4-4 Spring 1993 “The Pattern of Language” Table of ContentsFeb 15th, 1993 | By tcj | Category: 4-4: The Pattern of Language, Archives
Finding a Place for Navajo
English must be kept out of some conversations, argues Navajo linguist Clay Slate.
Culture with Literacy
An interview with linguist Bill Leap.
By Paul Boyer
Healing the Generations
Writer and photographer Eric Haase chronicles the loss and recovery of the Lakota language in one family.
Lakota Language Survival and Restoration
Nearly erased in boarding schools, the Lakota language is being celebrated by a new generation of educators.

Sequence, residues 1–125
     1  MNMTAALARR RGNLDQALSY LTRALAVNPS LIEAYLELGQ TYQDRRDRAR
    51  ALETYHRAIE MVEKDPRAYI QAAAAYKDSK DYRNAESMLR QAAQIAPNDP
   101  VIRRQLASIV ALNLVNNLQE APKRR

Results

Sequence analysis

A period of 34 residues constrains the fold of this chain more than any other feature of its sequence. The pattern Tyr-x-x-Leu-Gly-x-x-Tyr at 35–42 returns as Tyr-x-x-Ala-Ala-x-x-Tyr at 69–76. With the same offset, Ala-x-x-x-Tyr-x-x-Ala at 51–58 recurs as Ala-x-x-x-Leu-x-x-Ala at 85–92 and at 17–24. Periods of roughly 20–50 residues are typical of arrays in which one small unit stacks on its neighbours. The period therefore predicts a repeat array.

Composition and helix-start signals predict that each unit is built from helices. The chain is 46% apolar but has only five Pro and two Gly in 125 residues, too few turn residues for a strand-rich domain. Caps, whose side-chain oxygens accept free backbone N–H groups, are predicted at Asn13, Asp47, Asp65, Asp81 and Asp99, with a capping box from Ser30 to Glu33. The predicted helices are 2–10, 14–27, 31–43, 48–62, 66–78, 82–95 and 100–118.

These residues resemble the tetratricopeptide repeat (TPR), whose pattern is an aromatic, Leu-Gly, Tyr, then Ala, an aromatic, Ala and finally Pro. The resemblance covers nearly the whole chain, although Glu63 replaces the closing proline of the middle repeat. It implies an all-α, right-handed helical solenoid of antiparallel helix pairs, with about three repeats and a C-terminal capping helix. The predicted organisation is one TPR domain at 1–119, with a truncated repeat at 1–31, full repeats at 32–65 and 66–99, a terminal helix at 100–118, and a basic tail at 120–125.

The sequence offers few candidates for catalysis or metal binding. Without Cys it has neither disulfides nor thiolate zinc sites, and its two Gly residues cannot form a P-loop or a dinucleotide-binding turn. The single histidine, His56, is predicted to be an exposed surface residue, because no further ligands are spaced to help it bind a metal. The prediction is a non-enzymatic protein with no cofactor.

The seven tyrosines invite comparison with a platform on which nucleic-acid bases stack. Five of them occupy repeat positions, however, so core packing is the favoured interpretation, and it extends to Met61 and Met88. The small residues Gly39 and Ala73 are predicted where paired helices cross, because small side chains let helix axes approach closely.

By Lydia Whirlwind Soldier
Profiles: Beating the Odds
By Marjane Ambler
Legislation: Executive Orders
By Stephen Amato
Research: A Specialized Knowledge Base for Teaching American Indian and Alaska Native Students
By Jon Reyner, Harry Lee and David Gabbard
By Schuyler Houser
ON THE COVER: Exact translations are sometimes difficult in Native languages. However, approximate translations were made of “the pattern of language “into Lakota and Ojibwe.
The Lakota phrase, provided by Sinte Gleska University Lakota Studies Chair Albert White Hat, translates as “these spoken languages are different from each other.”
The Ojibwe translation, provided by Elma Wilkie and Jimmy Greatwalker of Turtle Mountain College, means the speaking of Ojibwe.
Cover illustration by Bob Lynch for In Cahoots, Inc.